March 22, 2021 ‐ PSQH
By Matt Phillion
It’s something many healthcare professionals and organizations are well aware of: Advance care planning and end-of-life preferences are an oft-overlooked part of patient care to be improved upon.
But it isn’t just about being aware of patient preferences. Ensuring every patient’s end-of-life care preferences are documented and accessible also works to reduce harm and improve patient outcomes.
A year living through a pandemic has made this issue even more abundant—older patients, and those with chronic conditions, have been among those most at risk for severe, life-threatening conditions, including those attached to COVID-19. And what happens when one of these patients is placed on a ventilator, unable to voice their wants in terms of treatment?
To avoid these scenarios, the industry needs to ensure providers, caregivers, patients, and families are engaged in advance care planning discussions.
“Providing goal-concordant care to individuals at end of life is absolutely a patient safety issue,” says Ryan Van Wert, MD, an intensive care physician, a part-time clinical assistant professor at Stanford University, and co-founder and CEO of Vynca, an advance care planning solution organization. “It absolutely fits into quality measures and value-based paradigms.”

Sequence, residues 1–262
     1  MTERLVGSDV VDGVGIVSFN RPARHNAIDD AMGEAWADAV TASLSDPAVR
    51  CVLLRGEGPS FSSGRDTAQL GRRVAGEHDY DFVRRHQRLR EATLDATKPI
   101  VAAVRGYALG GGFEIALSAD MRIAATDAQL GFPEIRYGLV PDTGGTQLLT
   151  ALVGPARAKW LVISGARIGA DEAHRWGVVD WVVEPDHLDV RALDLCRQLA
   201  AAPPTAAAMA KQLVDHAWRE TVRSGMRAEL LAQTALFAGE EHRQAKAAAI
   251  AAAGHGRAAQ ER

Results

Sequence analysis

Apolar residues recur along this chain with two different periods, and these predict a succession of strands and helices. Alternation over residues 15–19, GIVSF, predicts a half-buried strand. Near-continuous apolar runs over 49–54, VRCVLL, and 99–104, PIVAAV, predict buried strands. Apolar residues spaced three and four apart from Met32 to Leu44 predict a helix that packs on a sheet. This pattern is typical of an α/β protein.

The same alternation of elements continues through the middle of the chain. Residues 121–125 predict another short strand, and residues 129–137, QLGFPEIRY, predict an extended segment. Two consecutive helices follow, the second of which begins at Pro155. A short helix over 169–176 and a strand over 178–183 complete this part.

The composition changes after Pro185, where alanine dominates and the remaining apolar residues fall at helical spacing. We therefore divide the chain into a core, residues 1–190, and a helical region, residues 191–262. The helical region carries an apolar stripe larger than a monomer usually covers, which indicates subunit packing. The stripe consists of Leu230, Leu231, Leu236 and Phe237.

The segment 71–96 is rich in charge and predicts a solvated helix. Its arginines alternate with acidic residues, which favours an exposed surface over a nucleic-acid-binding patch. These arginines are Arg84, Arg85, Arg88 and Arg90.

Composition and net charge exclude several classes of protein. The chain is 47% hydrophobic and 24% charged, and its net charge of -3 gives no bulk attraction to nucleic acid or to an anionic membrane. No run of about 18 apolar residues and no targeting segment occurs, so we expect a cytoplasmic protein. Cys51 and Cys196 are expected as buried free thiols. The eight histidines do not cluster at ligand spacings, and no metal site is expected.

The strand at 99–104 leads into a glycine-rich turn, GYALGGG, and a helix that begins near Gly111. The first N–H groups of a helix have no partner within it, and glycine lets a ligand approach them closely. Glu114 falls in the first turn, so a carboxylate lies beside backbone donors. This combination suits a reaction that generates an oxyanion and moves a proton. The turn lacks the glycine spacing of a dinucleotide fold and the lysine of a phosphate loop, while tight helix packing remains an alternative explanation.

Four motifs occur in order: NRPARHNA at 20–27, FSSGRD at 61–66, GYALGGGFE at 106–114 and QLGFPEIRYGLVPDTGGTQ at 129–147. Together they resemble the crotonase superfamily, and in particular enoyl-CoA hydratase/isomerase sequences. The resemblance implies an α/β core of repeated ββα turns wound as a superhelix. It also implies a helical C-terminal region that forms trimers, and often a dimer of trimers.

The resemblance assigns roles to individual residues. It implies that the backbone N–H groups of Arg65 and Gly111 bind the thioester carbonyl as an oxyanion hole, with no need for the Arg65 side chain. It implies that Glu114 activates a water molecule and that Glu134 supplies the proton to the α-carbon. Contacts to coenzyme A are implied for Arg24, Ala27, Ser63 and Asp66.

Advance care planning is an underrecognized issue, but its status has been elevated during the COVID-19 pandemic, Van Wert notes. It rose to the forefront at the outset of the pandemic, making sure everyone’s voice was heard, he adds. “Certain demographics were at the highest risk, but I think the message was that nobody was really safe. Everyone had the potential to get seriously ill, and that brought it home to a lot of people.”
Our time with COVID-19 has forced many patients, families, and providers to reflect on what would happen if the unthinkable does occur. Do you have a mechanism through which your wishes could be honored?
“The challenge with advance care planning is in reality, it’s a very complex process to implement and scale in a high-quality, consistent way,” says Van Wert.
Unique Challenges to Implementation
To start, advance care planning isn’t something that should be done on the fly, Van Wert notes.
“These are difficult decisions. They take time,” he says. “And providers are often not trained for it. There’s often a default in healthcare that you do everything to save the patient until you’re instructed otherwise. It’s an aggressiveness of care.”
Physicians and other care providers, without the proper guidance of advance care planning, can only do what they believe is the right thing. And yet patients don’t often ensure their wishes are clearly documented.
“We know from the data that advance care planning for populations 65-plus is often in the single-digit percentages,” says Van Wert.